Table 2 Thickness of Lines (Ink Drawing)
|Line Group mm||Types of Lines|
- Pencil Drawing. For drawing finalized with pencil, the lines can be divided into two lines-groups as shown in table 3. It is important to note that in the finished drawing, all lines except construction line should be dense, clean and uniform. Construction line should be drawn very thin and faint and should be hardly visible in the finished drawing.
Table 3 Thickness of Lines (Pencil Drawing)
Line Group mm
|Medium||Out lines, dotted lines. Cutting plane- lines|
|Thin Line||Center-lines, section-lines, dimension-lines, extension lines, construction lines, leader lines, short break lines and long break lines|
Thick and Thin Lines
There are only two types of lines used in drawing, e.g. thick and thin lines. The ratio between the thick line and thin line should not be less than 2:1. If the thickness of thin line is 0.25 mm, then the thickness of the thick line will be 0.5 mm. Similarly, the distance between two parallel thin lines (Hatching lines) is twice the thickness of the heaviest line. If the thickness of the heaviest line is 0.7 mm, then the distance between two hatching lines will be 1.4 mm. The thickness of lines depends upon the size and type of drawing.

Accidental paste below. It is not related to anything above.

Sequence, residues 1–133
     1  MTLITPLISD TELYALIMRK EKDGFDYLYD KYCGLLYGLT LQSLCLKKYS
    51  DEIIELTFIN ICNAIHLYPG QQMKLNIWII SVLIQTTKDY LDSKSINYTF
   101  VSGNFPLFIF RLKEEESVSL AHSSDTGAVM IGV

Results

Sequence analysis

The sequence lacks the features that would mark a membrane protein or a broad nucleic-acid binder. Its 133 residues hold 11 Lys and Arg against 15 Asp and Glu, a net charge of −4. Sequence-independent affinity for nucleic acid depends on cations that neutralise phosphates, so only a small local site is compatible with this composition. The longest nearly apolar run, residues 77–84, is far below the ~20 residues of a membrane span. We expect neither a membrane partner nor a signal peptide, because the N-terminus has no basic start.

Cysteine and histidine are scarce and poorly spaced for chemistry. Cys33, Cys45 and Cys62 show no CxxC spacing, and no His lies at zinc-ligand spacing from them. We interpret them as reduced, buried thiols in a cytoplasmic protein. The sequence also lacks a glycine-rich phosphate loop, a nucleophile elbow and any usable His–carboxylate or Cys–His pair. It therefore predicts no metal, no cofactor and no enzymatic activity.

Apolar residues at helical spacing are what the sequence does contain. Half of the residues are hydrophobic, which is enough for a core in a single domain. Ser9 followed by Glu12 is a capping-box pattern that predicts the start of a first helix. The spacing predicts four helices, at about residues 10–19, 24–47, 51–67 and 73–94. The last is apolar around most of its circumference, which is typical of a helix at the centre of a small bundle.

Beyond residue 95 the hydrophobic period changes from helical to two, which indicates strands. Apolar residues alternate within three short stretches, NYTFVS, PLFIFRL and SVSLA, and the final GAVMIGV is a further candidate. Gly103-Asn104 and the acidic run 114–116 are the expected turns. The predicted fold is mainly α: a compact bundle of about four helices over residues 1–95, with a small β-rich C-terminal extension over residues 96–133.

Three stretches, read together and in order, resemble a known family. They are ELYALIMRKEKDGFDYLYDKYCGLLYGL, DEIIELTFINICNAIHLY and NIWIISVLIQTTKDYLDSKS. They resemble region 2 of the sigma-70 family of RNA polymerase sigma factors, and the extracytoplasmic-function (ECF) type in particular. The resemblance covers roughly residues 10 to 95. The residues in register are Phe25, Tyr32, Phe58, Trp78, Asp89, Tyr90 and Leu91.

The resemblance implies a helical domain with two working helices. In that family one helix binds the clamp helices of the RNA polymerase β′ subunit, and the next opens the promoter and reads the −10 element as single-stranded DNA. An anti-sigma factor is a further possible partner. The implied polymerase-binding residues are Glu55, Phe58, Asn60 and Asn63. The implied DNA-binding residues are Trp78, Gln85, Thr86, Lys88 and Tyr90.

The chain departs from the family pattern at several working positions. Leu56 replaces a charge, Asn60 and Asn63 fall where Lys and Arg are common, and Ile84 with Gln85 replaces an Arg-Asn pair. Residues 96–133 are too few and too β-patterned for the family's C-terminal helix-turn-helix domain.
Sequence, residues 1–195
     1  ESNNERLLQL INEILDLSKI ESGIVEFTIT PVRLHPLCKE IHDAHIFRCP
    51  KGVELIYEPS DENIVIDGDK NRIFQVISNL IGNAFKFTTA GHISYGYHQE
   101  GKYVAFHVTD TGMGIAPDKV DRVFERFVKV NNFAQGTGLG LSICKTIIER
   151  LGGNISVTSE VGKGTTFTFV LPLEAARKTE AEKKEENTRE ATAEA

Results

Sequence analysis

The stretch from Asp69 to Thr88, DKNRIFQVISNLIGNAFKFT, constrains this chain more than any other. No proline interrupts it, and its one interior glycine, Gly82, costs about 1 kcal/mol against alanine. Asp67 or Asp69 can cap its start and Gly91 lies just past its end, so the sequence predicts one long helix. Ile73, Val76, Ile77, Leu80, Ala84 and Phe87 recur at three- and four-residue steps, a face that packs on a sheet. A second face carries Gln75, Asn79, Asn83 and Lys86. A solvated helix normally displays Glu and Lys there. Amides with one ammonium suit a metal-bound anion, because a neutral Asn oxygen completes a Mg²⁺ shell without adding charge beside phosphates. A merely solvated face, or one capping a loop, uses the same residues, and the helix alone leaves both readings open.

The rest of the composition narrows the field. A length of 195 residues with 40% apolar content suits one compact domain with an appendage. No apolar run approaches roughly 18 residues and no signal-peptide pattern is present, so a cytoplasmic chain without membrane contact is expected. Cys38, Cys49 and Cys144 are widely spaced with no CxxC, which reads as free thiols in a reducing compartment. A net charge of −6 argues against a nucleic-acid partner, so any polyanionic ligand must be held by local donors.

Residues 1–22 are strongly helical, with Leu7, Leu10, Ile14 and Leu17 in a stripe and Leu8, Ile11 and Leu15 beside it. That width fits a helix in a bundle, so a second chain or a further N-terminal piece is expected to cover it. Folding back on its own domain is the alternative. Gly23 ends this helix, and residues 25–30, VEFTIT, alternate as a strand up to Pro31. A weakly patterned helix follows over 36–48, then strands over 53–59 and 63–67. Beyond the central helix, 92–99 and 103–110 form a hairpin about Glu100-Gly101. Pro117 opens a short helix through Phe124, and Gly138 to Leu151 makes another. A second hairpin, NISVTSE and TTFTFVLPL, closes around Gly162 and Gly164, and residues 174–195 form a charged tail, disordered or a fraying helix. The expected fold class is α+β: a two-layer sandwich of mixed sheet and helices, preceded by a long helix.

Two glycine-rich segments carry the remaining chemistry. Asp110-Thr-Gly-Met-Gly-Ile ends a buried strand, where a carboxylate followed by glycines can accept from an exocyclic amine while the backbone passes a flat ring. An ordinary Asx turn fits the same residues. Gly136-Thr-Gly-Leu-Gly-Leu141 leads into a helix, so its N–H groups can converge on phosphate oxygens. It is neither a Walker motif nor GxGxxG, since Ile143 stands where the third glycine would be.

Conventional Breaks and Symbols
Long parts such as bars, shafts, pipes, etc, are generally shown broken in the middle by conventional breaks to accommodate their view of whole length without reducing the scale. The shape of the broken section is indicated either by a revolved section or more often by a same pictorial break line (Refer Fig. 2) The breaks used on cylindrical metal are often referred to as “S” breaks and these are drawn partly freehand or partly with irregular curves or compass, (Refer Fig. 3) Breaks of rectangular metal and wood sections are always drawn freehand.
Conventional symbols are also used in the drawing to indicate many details such as knurl, flat surface, chain, rolled shapes, electrical apparatus, etc. Symbol of two crossed diagonals are used for two distinct purposes, first to indicate on a shaft the position of finish for a bearing and second to indicate that a certain surface is flat usually parallel to the picture plan.